Rev. Anderson didn’t work alone, he relied on members of his congregation, more probably the great and good in it, to help with the administration and organisation of all that needed to be done. A Vestry Committee was appointed, and the first church wardens were Joseph Bridgman, Secretary of the new Local Board who lived at The Oaklands, and Charles Ewing, an Architect who lived at Golden Grove now known as the Dene Hotel. Later wardens included Charles Brown, William Comber and Arthur Dickson.
One of the issues that was dealt with was a proposal in 1877 to seat the voluntary choir in the chancel instead of the area under the reading desk. There were 600 seats of which two thirds had to be paid for and even the money raised from that was not enough to properly endow the church. Having a family pew in the local church was a great status symbol. An advertisement for the sale of Hoole Hall in 1850 refers specifically to the inclusion in the sale of not only the family pew at Plemstall Church, but also a pew for servants.
Arthur Potts, the owner of Hoole Hall in 1877 refused to move from the chancel at All Saints and the following extracts are taken from the reported discussion:
|Charles Brown||"Why should Mr. Potts dictate to the whole congregation – a person who never sets foot in the church? Mrs Hamilton would prefer to see the whole church free (of pew fees) and the chancel used by the choir."|
|Vicar||"Mr. Potts has been a great friend of the church."|
|Mr. Ewing||"If you had a good choir, I am sure it would keep the congregation together and increase it. Why do so many people from this district go to the Cathedral? Cpt. Smith (Chief Constable of Cheshire who lived at Hoole Lodge) and his family are willing to move."|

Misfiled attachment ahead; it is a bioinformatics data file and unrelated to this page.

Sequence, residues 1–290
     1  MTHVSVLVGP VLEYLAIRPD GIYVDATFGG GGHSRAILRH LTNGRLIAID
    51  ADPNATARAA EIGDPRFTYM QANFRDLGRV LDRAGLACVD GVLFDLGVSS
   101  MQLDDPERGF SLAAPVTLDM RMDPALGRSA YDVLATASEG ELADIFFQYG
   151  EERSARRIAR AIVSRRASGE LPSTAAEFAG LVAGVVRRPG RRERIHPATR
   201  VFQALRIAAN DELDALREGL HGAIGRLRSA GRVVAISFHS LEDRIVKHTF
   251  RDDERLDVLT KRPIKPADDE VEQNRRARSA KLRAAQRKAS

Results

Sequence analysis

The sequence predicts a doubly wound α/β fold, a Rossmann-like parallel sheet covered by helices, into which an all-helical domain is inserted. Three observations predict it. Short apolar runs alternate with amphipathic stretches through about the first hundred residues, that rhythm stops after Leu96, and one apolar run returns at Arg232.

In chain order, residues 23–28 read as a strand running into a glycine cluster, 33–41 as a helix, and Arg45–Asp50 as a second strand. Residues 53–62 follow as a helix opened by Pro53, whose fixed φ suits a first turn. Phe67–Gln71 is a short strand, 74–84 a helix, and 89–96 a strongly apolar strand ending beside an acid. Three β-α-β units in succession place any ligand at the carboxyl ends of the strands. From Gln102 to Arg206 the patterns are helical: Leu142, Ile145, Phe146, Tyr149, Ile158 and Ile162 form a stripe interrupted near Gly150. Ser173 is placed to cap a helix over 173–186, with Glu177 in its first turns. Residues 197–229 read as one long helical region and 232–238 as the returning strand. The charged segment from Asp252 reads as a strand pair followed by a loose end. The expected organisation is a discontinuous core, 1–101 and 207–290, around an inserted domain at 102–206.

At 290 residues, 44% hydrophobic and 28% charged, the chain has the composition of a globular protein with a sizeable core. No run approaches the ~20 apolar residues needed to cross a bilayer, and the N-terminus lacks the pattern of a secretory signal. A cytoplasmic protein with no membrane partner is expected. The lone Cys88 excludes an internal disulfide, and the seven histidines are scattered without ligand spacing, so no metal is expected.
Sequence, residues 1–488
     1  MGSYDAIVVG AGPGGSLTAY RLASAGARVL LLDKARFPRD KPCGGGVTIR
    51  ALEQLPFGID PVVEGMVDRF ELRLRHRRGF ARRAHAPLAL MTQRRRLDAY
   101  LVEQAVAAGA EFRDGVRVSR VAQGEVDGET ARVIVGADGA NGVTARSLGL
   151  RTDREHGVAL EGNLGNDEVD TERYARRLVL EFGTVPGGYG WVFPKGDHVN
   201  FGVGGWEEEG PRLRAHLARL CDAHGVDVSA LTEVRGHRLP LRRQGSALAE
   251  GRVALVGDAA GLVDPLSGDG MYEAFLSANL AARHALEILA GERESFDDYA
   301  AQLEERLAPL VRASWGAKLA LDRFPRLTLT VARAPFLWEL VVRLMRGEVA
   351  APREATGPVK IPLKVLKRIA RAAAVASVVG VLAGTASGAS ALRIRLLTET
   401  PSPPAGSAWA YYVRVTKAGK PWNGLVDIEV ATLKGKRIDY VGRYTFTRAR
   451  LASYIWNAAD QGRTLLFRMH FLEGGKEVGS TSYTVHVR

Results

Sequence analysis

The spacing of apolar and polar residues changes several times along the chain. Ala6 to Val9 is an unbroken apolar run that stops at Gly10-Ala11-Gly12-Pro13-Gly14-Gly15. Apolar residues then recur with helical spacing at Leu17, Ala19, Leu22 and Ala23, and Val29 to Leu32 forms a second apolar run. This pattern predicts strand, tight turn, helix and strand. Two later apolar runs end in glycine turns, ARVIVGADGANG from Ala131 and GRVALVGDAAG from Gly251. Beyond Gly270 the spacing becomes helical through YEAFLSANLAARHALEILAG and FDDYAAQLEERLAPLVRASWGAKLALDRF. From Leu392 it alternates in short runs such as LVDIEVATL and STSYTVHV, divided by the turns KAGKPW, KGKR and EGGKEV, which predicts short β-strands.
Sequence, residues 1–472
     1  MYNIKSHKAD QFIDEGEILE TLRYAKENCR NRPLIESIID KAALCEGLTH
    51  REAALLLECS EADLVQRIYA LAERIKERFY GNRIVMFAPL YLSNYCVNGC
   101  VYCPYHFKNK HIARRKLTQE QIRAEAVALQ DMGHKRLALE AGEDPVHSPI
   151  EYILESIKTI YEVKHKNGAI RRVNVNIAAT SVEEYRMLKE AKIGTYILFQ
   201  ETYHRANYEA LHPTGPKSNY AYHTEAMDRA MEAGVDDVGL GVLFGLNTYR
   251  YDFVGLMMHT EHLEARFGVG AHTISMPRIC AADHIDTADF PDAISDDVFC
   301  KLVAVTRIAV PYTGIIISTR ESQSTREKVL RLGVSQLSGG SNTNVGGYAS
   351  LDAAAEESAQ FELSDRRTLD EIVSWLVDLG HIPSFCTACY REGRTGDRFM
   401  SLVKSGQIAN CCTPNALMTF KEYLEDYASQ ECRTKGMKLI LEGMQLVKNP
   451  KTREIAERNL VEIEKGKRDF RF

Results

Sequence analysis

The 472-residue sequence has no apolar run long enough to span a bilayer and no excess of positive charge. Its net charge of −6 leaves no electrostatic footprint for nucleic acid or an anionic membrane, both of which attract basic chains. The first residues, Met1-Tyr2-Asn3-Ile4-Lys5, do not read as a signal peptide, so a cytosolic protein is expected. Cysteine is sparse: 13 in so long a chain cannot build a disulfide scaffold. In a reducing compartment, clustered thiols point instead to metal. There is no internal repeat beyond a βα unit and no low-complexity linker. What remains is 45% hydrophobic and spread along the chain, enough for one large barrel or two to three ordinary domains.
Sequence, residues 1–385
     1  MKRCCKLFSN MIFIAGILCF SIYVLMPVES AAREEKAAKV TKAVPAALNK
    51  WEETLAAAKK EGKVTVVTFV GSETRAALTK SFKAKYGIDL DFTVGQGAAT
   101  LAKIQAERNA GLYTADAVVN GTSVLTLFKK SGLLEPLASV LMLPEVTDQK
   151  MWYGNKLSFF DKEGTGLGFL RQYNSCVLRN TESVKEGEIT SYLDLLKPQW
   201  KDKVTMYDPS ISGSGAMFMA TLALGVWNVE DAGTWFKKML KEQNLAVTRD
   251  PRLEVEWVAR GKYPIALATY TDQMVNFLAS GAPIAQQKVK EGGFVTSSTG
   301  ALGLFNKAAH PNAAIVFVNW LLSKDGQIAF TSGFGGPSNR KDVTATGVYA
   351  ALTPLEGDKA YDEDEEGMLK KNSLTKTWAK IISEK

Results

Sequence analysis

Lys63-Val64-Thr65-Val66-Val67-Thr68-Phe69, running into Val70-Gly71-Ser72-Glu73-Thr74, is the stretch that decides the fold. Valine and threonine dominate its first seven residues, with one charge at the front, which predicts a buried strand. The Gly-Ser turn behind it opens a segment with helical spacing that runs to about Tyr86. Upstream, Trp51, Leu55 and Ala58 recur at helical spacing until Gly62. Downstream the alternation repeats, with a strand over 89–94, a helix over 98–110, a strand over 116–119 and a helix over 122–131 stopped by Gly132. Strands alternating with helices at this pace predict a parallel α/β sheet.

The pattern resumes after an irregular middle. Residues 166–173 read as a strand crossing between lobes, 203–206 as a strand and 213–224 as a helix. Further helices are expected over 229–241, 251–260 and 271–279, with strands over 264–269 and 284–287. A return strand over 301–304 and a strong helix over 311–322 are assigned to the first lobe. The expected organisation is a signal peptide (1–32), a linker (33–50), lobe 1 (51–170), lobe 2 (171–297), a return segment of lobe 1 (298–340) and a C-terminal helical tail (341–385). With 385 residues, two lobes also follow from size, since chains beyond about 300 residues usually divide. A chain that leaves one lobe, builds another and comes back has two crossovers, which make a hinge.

|Charles Brown||"A remark has been made directed at me personally that I sit in the free seats. I sit there on principle. I pay far more than anyone in the church for I keep an exact account of what I give."|
Seating arrangements were dictated by the need for pew fees and in the end common sense prevailed. The choir moved into the chancel.
In 1891, another issue concerned the choir as to whether it should wear surplices. A simple question generated a lot of heated debate, including a letter from the Rev. R.D. Thomas.
“I should on no account consent to such a proposal. I do not attach any importance to the surplice in the abstract. White or black it is of no consequence but I object to it as one of the steps on the ritualistic ladder, most mischievous as being so apparently innocent. Whatever people say it is a departure from the simplicity of spiritual worship and practically as step ‘Romewards’ as is being shown in many instances”
In spite of objections like this it was agreed that the choir should wear surplices.
Because of the increasing population the National School in Peploe Street needed extending or replacing. A proposal in 1889 to build in the church grounds was objected to by James Mowle who lived at The Cedars next door. The school was eventually built behind the Bromfield Arms and became known as All Saints School.